Troy Deeney and Andre Gray Will Be a Stern Test For Arsenal’s Soft Centre

LONDON, ENGLAND - SEPTEMBER 22: Troy Deeney of Watford and Callum Chambers of Fulham in action during the Premier League match between Fulham FC and Watford FC at Craven Cottage on September 22, 2018 in London, United Kingdom. (Photo by Dean Mouhtaropoulos/Getty Images)

For all the improvement that Unai Emery’s Arsenal have shown in recent weeks (their win against Brentford in the Carabao Cup was their sixth in succession in all competitions), against Watford they will face their sternest test since the first two Premier League games of the season against Manchester City and Chelsea, both of which they lost. Watford lack the technical ability and style of City or Chelsea, but they possess strength and tenacity in abundance, particularly in the form of their striking partnership, Troy Deeney and Andre Gray.

Deeney and Gray Will Be a Stern Test For Arsenal

A Flourishing Partnership

Such is the vogue for lone strikers at the moment that Deeney and Gray do not always play together up front, but they will surely do so against Arsenal at The Emirates. That is because they are both the kind of striker that Arsenal central defenders of recent vintage hate to play against: physically strong, good in the air and relentlessly competitive. If either one of them played individually against Arsenal, they would be a threat, but if they both play together they could overwhelm Arsenal’s central defence and undermine all Emery’s good work of recent weeks.

It is obviously still early days in the age of Emery but it is already apparent that central defence remains Arsenal’s greatest weakness, as it was for the second half of Arsene Wenger’s tenure. It is remarkable now to consider that Arsenal were once famed for their centre-backs, from Joe Mercer to Frank McClintock to David O’Leary. Indeed, such was George Graham’s obsession with providing a strong foundation for his team in central defence that he was said to ‘collect’ centre-backs as other people might collect stamps or coins. In addition to the central defensive holy trinity of Adams, Bould and Keown, he also signed quality centre-backs such as Andy Lineghan and even Colin Pates. Central defensive security provided the basis for Graham’s great teams. Indeed, so good were Graham’s centre-backs in particular and his back four in general that they also provided the basis for Arsene Wenger’s first double-winning side in 1998.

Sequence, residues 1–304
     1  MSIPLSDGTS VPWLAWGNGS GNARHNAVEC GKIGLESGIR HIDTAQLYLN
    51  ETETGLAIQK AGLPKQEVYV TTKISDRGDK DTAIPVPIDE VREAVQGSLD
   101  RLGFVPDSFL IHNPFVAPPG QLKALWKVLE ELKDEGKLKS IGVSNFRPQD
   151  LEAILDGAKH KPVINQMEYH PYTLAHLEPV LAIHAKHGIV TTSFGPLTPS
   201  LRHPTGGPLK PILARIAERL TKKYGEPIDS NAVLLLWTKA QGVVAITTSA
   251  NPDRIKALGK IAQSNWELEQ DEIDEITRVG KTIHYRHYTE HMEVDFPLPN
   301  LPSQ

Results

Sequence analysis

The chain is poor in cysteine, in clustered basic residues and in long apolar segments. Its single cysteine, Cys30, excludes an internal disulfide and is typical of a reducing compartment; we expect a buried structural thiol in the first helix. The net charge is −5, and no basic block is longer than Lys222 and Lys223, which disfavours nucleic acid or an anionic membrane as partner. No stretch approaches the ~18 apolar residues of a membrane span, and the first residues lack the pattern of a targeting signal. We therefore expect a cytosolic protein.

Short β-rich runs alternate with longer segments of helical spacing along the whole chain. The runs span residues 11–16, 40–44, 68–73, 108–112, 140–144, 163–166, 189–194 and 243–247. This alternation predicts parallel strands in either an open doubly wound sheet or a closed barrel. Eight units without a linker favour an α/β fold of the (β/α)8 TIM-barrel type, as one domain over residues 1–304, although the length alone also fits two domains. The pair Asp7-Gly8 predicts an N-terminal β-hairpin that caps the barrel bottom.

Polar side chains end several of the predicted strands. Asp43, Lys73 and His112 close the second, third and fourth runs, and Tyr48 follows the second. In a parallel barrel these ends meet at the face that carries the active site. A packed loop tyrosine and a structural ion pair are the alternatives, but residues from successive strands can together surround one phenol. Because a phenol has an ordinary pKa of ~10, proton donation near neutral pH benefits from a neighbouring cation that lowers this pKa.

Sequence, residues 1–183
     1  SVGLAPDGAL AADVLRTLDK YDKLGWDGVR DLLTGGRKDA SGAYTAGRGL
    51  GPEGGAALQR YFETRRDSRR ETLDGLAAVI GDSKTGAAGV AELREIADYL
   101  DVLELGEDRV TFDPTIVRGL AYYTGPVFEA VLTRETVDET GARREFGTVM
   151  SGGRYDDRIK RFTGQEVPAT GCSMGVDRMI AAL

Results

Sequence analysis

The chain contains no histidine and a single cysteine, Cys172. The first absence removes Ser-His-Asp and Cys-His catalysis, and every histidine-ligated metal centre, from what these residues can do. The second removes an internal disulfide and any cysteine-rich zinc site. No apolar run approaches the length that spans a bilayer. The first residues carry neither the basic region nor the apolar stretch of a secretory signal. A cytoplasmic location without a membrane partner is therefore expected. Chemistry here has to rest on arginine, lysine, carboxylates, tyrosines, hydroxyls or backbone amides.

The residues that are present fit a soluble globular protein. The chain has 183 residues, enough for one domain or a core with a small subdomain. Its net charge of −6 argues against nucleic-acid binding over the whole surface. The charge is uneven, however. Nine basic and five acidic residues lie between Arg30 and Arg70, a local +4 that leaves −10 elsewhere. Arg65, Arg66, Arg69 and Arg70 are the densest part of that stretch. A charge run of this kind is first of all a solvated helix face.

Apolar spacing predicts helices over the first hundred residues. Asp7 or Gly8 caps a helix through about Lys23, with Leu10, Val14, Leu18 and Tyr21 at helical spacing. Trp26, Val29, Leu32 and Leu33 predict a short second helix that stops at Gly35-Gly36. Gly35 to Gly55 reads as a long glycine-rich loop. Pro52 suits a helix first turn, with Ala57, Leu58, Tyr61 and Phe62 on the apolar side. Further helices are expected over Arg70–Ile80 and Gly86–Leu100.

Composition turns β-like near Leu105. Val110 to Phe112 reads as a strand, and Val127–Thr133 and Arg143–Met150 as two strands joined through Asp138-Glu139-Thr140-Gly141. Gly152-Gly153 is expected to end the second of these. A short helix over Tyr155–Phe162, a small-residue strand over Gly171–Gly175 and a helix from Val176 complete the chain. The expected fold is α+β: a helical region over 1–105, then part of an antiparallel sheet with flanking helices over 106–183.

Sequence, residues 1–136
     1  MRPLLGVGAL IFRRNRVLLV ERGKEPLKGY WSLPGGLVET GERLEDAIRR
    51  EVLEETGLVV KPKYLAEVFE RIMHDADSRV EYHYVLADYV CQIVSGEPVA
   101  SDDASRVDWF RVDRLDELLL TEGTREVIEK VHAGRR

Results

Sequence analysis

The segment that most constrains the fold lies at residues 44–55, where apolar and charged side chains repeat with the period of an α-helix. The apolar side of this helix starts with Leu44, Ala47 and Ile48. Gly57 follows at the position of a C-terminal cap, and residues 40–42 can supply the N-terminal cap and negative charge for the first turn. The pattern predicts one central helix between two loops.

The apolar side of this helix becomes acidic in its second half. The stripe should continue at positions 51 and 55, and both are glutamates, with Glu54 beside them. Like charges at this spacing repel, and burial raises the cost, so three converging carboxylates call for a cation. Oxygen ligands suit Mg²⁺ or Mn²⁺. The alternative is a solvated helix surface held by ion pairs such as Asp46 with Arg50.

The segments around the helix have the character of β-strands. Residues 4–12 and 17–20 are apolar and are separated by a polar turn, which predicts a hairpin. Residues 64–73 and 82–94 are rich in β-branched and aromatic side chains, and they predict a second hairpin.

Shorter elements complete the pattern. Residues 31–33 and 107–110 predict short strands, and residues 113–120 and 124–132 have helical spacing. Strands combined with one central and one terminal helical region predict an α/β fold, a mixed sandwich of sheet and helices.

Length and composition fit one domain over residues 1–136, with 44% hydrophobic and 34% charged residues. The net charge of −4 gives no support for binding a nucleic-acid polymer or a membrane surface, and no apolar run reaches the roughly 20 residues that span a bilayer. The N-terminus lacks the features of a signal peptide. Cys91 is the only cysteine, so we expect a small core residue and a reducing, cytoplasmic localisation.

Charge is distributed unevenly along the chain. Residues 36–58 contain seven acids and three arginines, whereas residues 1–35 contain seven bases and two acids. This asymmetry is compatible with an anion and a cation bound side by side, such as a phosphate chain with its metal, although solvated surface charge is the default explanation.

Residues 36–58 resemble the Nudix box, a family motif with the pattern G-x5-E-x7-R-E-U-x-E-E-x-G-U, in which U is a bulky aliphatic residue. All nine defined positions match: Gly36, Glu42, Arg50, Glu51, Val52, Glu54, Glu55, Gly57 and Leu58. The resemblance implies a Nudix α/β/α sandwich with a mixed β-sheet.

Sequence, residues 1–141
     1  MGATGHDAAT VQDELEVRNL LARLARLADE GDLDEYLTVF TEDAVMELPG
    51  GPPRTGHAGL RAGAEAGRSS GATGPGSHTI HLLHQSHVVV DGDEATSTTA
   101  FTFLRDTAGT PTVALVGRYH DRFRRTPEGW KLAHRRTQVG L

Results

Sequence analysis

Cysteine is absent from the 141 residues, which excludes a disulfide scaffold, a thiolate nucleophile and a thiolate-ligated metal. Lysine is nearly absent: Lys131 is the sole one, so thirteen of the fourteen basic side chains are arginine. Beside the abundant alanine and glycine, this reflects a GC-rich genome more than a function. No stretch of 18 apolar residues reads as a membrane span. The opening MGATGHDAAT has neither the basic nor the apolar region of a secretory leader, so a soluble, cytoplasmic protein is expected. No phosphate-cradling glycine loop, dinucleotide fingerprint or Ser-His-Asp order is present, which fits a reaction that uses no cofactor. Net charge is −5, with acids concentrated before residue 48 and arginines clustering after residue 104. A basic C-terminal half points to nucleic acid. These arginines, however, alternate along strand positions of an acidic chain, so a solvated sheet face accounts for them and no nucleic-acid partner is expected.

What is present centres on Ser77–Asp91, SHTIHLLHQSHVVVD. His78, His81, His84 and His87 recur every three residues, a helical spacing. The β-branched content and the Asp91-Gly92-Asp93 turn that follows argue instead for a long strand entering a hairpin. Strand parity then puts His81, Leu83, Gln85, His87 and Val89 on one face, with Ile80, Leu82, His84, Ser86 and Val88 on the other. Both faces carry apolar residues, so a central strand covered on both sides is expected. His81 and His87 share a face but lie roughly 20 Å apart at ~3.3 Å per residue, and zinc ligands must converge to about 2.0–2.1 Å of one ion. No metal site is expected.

Campbell the Great

The last truly great centre-back that Arsenal signed was arguably the most important signing of the entire Wenger era – yes, even more important than Patrick Vieira and Thierry Henry – and that was Sol Campbell. Whatever his limitations on the ball (which were considerable), Campbell combined the aerial ability of a classic centre-half with the speed of a full-back, and in the process provided the defensive security that was the basis of Wenger’s second great Arsenal side (2002-2006). In effect, he allowed the attacking talent of Vieira, Henry, Robert Pires et al to flourish. All those players had been at Arsenal before Campbell arrived, without success; it was Campbell’s signing that completed the jigsaw and made Wenger’s early noughties Arsenal a truly great side.

Since Campbell left in 2006, Arsenal have not signed a truly great centre-back. The closest they have come is Laurent Koscielny, who experienced a fairly poor start to his Arsenal career before maturing into comfortably Arsenal’s best defender. However, even at his best, he could not match the sheer defensive solidity of an Adams or Campbell, and given that he is now 35 and out with injury until Christmas (at least) he is extremely unlikely to become the bedrock of Emery’s new Arsenal.

In Koscielny’s continuing absence, the centre-back resources remain remarkably thin. Shkodran Mustafi has repeatedly shown why he was only ever a squad player when Germany won the World Cup in 2014, as he lacks both the pace and height to ever be a truly dominant centre-half. Even more worryingly, since he moved to England in 2016 he seems to have become a rugby fan, at least judging by his propensity to try and rugby-tackle opposing players around the legs once they have burst past him. He was up to it again this week against Brentford.